Privacy and anonymity have been eroded to the point of non-existence in recent years. Our personal, private information is stockpiled and sold to the highest bidder like so much inventory at a warehouse. National Security Letters are written to make countless requests for records from our search engines, libraries, and book stores with no court oversight. Email and especially searchable data is practically unprotected from anyone who might ask to have it. All our electronic communications are tapped. Massive governmental data mining schemes are being built to record everything we publish on the web. In many workplaces, employers spy on and control their employees' Internet access, and this practice is widely considered to be acceptable.
These are dark times. The Fourth Amendment has all but disappeared, thanks to the Wars on Drugs, Porn, and Terror. Any practicing trial lawyer will tell you that you can no longer rely on unreasonable search to be the basis for excluding evidence, especially for digital evidence in the hands of a third party. Likewise the First Amendment has been shredded with exceptions and provisos, and is only truly available to those with the money to fight costly (and usually frivolous) court battles against large corporations. In short, you can say what you want so long as it doesn't effect corporate profits.
How we got to a legal state where this all this activity is the accepted norm, I'm not quite sure. It seems to stem from an underlying assumption that our function at work and at home is that of a diligent slave - a single unit of economic output under the direct watch and total control of our superiors at all times; that we should accept this surveillance because we should have nothing to hide from our benevolent overlords who are watching us merely to protect us from evil.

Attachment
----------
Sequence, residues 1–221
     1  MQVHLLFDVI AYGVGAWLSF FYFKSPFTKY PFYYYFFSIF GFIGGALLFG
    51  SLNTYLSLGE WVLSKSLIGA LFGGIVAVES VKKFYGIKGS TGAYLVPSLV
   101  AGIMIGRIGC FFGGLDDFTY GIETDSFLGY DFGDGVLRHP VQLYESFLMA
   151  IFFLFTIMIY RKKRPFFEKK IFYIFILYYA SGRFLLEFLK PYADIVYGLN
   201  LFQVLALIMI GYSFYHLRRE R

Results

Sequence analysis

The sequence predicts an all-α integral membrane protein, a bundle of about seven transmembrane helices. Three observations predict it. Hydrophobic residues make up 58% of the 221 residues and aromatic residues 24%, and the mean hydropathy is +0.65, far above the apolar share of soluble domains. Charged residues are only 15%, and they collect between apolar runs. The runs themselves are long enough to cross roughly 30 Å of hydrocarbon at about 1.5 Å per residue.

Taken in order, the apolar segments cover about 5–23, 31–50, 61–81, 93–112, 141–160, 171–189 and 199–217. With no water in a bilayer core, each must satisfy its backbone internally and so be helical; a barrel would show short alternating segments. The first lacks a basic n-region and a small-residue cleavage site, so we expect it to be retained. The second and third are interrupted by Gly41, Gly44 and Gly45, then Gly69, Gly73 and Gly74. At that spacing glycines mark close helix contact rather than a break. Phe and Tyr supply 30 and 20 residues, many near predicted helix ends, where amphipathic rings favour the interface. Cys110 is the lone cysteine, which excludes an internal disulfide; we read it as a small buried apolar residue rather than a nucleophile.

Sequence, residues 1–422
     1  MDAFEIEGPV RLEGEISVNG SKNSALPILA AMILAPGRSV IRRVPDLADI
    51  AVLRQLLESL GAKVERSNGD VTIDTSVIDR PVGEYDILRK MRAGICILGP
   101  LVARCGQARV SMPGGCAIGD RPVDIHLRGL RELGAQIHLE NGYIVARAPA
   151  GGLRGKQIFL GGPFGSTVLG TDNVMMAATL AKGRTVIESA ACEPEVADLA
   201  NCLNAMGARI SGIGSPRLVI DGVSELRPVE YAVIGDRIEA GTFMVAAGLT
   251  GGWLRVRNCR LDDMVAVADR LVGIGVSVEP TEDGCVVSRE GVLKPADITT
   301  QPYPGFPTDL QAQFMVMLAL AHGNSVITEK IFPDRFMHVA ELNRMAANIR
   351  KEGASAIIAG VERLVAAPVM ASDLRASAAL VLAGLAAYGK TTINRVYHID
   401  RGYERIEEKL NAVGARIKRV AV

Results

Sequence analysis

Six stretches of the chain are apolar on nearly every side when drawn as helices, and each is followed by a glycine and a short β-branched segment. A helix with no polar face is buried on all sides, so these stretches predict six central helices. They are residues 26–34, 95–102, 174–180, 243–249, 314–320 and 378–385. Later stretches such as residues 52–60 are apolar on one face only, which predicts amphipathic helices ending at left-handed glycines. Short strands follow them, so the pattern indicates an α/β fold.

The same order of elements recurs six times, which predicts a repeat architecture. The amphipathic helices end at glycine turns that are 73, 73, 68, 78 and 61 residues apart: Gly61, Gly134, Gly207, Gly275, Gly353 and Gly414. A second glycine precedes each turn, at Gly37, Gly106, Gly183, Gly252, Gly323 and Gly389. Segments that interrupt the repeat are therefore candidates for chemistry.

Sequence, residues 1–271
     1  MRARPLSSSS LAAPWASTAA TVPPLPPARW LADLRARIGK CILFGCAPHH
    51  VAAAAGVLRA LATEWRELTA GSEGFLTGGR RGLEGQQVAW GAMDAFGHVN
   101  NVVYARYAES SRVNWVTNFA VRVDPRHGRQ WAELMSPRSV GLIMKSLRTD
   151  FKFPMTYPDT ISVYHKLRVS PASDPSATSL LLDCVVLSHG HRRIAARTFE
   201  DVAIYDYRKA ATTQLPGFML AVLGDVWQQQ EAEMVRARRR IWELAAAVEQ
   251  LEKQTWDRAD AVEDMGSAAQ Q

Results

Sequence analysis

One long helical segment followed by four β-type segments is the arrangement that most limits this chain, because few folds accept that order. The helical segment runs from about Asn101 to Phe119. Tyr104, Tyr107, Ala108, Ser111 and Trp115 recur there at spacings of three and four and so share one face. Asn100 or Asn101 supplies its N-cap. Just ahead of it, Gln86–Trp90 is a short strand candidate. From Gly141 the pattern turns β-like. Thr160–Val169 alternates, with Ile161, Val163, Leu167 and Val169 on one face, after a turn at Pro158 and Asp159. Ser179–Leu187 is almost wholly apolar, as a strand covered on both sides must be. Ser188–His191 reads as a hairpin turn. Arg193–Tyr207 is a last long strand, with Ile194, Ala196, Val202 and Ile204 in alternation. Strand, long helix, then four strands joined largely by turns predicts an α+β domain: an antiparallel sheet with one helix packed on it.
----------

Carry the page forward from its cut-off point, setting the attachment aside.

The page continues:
I believe this view is wrong. Moreover, I believe it is time to reverse the tide. This document seeks to provide the means to protect your right to privacy, freedom of speech, and anonymous net access even under the most draconian of conditions - including, but not limited to, both private and criminal investigation (which happens far more often to innocent people than one might like to think). "So what are you saying? That I can dodge bullets?" "No.. What I am trying to tell you is that when you're ready, you won't have to."
Table of Contents
Welcome to the first day of the rest of your life.
This document is organized into seven chapters. The first chapter is an introductory philosophical discussion, and the next six are based on the six main ways you can leak information about who you are onto your network connection, or to an attentive individual.
A discussion of what the Matrix is, how it functions, and how to resist and subvert it. This forms the philosophical underpinnings of this HOWTO and the driving force behind the author's motivation to work ceaselessly on this document for over a year, and then proceed to give it away for free. Not required reading, but strongly recommended.
This includes your network hardware (MAC) address, your IP address, and your 802.11 nickname. This section describes ways of obfuscating each of these attributes, as well as your network data itself.